|Ghai: regime putting credibility of elections at stake|
They are the Fiji Constitutional Process (Constitution Commission) Decree 2012 and Fiji Constitutional Process (Constituent Assembly and Adoption of Constitution) Decree 2012.
Both relate to the drafting of the new Constitution to replace the one Frank Bainimarama and Aiyaz Sayed Khaiyum illegally abrogated in 2009 to ensure their longevity.
According to Khaiyum, the Constitution Commission decree will allow Section 8 of the Public Order Amendment Decree to be amended to allow what he says is the 'full participation of all Fiji citizens in the process', including political parties.
Supposedly, no permits will be needed other than those for meetings held on public roads, in public parks or gardens and in sporting arenas and people can appear before the Constitution and say what they want without fear of reprisals.
So if the decrees are so good, why then has the regime-appointed Constitution Commission gone public with its concerns?
In a statement, the Commission says the Decrees give it and the public much greater clarity on the process being undertaken to formulate a new Constitution.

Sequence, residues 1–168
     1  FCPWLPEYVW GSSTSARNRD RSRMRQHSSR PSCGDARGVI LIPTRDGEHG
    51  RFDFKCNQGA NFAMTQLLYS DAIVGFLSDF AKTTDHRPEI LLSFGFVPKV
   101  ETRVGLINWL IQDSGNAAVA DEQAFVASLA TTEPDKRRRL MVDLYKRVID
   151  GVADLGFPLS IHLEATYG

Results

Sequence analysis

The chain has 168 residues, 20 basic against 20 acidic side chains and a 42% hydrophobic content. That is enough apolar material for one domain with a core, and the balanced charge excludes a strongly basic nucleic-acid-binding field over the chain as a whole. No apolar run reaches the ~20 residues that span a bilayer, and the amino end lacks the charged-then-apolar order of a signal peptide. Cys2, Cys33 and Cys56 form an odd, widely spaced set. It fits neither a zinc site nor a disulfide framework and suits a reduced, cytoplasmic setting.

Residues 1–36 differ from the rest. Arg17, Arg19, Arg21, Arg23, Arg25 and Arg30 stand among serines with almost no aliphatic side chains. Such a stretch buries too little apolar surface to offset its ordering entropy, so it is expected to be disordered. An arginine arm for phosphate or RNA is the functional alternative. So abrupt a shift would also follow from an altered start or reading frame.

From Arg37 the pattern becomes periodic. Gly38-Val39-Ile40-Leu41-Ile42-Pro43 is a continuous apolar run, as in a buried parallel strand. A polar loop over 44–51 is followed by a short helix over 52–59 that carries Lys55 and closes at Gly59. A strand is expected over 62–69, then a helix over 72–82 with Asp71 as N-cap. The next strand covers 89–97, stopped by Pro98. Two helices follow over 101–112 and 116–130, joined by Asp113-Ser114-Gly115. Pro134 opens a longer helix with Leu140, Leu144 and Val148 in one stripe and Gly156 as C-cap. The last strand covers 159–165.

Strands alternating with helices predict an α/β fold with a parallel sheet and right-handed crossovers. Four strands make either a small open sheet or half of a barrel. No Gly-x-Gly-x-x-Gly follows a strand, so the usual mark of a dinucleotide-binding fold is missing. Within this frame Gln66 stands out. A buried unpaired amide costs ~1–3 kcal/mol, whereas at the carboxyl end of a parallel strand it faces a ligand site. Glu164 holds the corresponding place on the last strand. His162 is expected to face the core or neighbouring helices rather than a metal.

But the Commission and its chair, Yash Ghai, go on to reveal that it is worried at how the regime continues to maintain control of the process, even as it professes to relax its grip.
Here's what they say: ".... although the Constituent Assembly Decree lists some of the groups that will be represented in the CA (such as political parties, trade unions, women, the military, and civil society, etc), it gives the Prime Minister full control over the size and composition of the Constituent Assembly.
"There is no indication of how many members will be drawn from each sector or what other sectors might be included. There is also no provision giving the groups that are to be represented a say in who should represent them in the Assembly. The Prime Minister will also appoint the Speaker of the Assembly.
"These arrangements effectively mean that the essential principles of democracy are ignored and the independence of the Assembly is negated. In the light of the fact that members of the present government may wish to compete in the forthcoming elections, it is particularly important that they should not control the process that will, among other things, set out the rules for the elections. This will undermine the credibility of those elections."
Ghai and the Commission are also right to be alarmed about Khaiyum's announcement that any any draft constitution must include immunity for the events that emanated back in 1987, the year Fiji had the first of its four military coups.
Khaiyum says after the 2014 elections, no immunity will be given to members of the police or the military and that next year a Constituent Assembly will be established with Bainimarama to determine its members.
The draft constitution is expected to go to the illegal President who will then pass it to a tribunal appointed by the chief justice with the tribunal checking the draft to ensure it is in line with the non-negotiable terms and the immunity provisions.